Experiment #1: Infra-red remote controller


Since the diorama’s electronics are to be operated by means of an infra-red remote, it makes sense to test that component first.

A kit was purchased that included a remote control handset and an infra-red sensor. The handset was quite basic, but sufficient for the task in hand:

Remote control handset

The test was performed using an Elegoo Uno R3 using the Arduino-IRremote library.


A test circuit was built on a breadboard using the infra-red sensor and a LED that was set to flash whenever a signal was received from the remote. This LED very nearly duplicates duplicates the sensor's built in LED, but has been included because it is unlikely the built in LED will be visible when the sensor is incorporated into the diorama. Furthermore, the final circuit design will most likely only flash the LED when a valid signal is received: it will filter out spurious signals.

The breadboard circuit schematic is shown below:

Test circuit breadboard schematic.

And here's a photo of the cicuit as built:

Photo of test circuit.


The code is available on GitHub in the cahamo/diorama repository.

Two different programs that were used:

  1. ir-sensor-analyser.cpp – Sends full details of the received code to the serial monitor. This code was used to determine the handset type and to work out which codes are emitted by each button.
  2. handset-test.cpp – Using information gleaned from ir-sensor-analyser.cpp this script reports which button is being pressed on the remote control handset. It detects whether the key is being repeated and also reports any spurious readings as “Unknown”. Reports are sent to the serial monitor.


The circuit was built as described above.

ir-sensor-analyser.cpp code was compiled and uploaded to the Uno. The handset's buttons were pressed in order from left to right, top to bottom and the serial output that was generated was captured to a text file using CoolTerm. The information gathered was used in the creation of handset-test.cpp.

Next handset-test.cpp was compiled and uploaded to the Uno. Once again the handset's buttons were pressed in the same order as before and the serial output was captured to a second text file.


The text file created when ir-sensor-analyser was run was examined to find which type of unit the remote handset emulates. This was reported as a NEC type. Here's an extract from the text file ir-remote-raw-readings.txt that makes this clear:

Protocol=NEC Address=0x0 Command=0x45 Raw-Data=0xBA45FF00 32 bits LSB first
Protocol=NEC Address=0x0 Command=0x45 Repeat gap=39600us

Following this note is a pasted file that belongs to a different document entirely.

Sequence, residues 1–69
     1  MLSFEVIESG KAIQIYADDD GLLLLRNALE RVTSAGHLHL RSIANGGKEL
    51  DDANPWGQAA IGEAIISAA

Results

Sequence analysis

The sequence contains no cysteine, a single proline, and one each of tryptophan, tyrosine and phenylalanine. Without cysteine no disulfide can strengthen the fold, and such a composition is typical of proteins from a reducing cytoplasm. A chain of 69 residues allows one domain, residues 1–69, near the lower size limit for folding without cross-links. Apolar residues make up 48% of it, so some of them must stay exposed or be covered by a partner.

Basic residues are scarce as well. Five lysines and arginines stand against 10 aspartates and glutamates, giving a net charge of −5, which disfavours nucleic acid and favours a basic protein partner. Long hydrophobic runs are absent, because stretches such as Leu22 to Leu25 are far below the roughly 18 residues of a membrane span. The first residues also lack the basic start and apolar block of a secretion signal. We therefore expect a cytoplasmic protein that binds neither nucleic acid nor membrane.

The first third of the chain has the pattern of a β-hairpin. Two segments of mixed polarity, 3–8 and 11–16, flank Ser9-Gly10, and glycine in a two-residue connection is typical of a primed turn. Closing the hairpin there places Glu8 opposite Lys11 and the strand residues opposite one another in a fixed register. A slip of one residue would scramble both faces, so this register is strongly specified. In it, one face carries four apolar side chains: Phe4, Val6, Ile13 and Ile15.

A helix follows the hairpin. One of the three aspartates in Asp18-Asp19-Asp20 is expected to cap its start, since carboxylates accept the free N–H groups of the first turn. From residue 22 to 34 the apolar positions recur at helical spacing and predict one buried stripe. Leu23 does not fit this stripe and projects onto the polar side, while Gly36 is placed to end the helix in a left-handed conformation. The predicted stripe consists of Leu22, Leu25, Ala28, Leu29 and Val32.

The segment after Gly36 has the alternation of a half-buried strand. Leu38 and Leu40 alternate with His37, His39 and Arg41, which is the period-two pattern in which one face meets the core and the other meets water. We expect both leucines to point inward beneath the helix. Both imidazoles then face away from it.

Examination of the text file shows that some buttons repeated while others did not. The above extract demonstrates the output generated when a button was first pressed and when it repeats.

Because the order in which the buttons were pressed was known it became a simple matter to analyse the text file to find the codes of each button: each time the value of the Command entry changes we have a new key being pressed. A copy of the text file named ir-remote-annotated-readings.txt was annotated to make this clearer. Here are extracts from that file for number 1 and OK keys:

# Number key 1
Protocol=NEC Address=0x0 Command=0x45 Raw-Data=0xBA45FF00 32 bits LSB first
Protocol=NEC Address=0x0 Command=0x45 Repeat gap=39600us
Protocol=NEC Address=0x0 Command=0x45 Repeat gap=95300us
# OK key
Protocol=NEC Address=0x0 Command=0x1C Raw-Data=0xE31CFF00 32 bits LSB first
Protocol=NEC Address=0x0 Command=0x1C Repeat gap=39600us

The values gleaned from this file are summarised below. They were used to create a C header file that provides a #define statement for each key, providing a descriptive name for each kay value:

// Number keys
#define REMOTE_KEY_0      0x19
#define REMOTE_KEY_1      0x45
#define REMOTE_KEY_2      0x46
#define REMOTE_KEY_3      0x47
#define REMOTE_KEY_4      0x44
#define REMOTE_KEY_5      0x40
#define REMOTE_KEY_6      0x43
#define REMOTE_KEY_7      0x07
#define REMOTE_KEY_8      0x15
#define REMOTE_KEY_9      0x09

// Hash and star keys
#define REMOTE_KEY_STAR   0x16
#define REMOTE_KEY_HASH   0x0D

// Arrow / cursor keys
#define REMOTE_KEY_UP     0x18
#define REMOTE_KEY_DOWN   0x52
#define REMOTE_KEY_LEFT   0x08
#define REMOTE_KEY_RIGHT  0x5A

// OK key
#define REMOTE_KEY_OK     0x1C

handset-test.cpp includes this header file. It can be found in the cahamo/diorama repository as handset-test.h.

The test file handset-test.txt, produced by running handset-test, confirmed that the key mapping was correct. Here's a copy of the significant part of the file:

Key pressed: 1
Key pressed: 2
Key pressed: 2 - repeat
Key pressed: 3
Key pressed: 3 - repeat
Key pressed: 4
Key pressed: 4 - repeat
Key pressed: 5
Key pressed: 6
Key pressed: 6 - repeat
Key pressed: 7
Key pressed: 8
Key pressed: 9
Key pressed: *
Key pressed: * - repeat
Key pressed: 0
Key pressed: #
Key pressed: Up-Arrow
Key pressed: Up-Arrow - repeat
Key pressed: Left-Arrow
Key pressed: OK
Key pressed: Right-Arrow
Key pressed: Right-Arrow - repeat
Key pressed: Down-Arrow

The text files referred to above have been zipped up and can be downloaded here.


The tests have proved that the handset works and the output can be interpreted.

The next step is to determine what key sequences will be used to control the various LEDs, motors and sequences and to write code to trigger such events.

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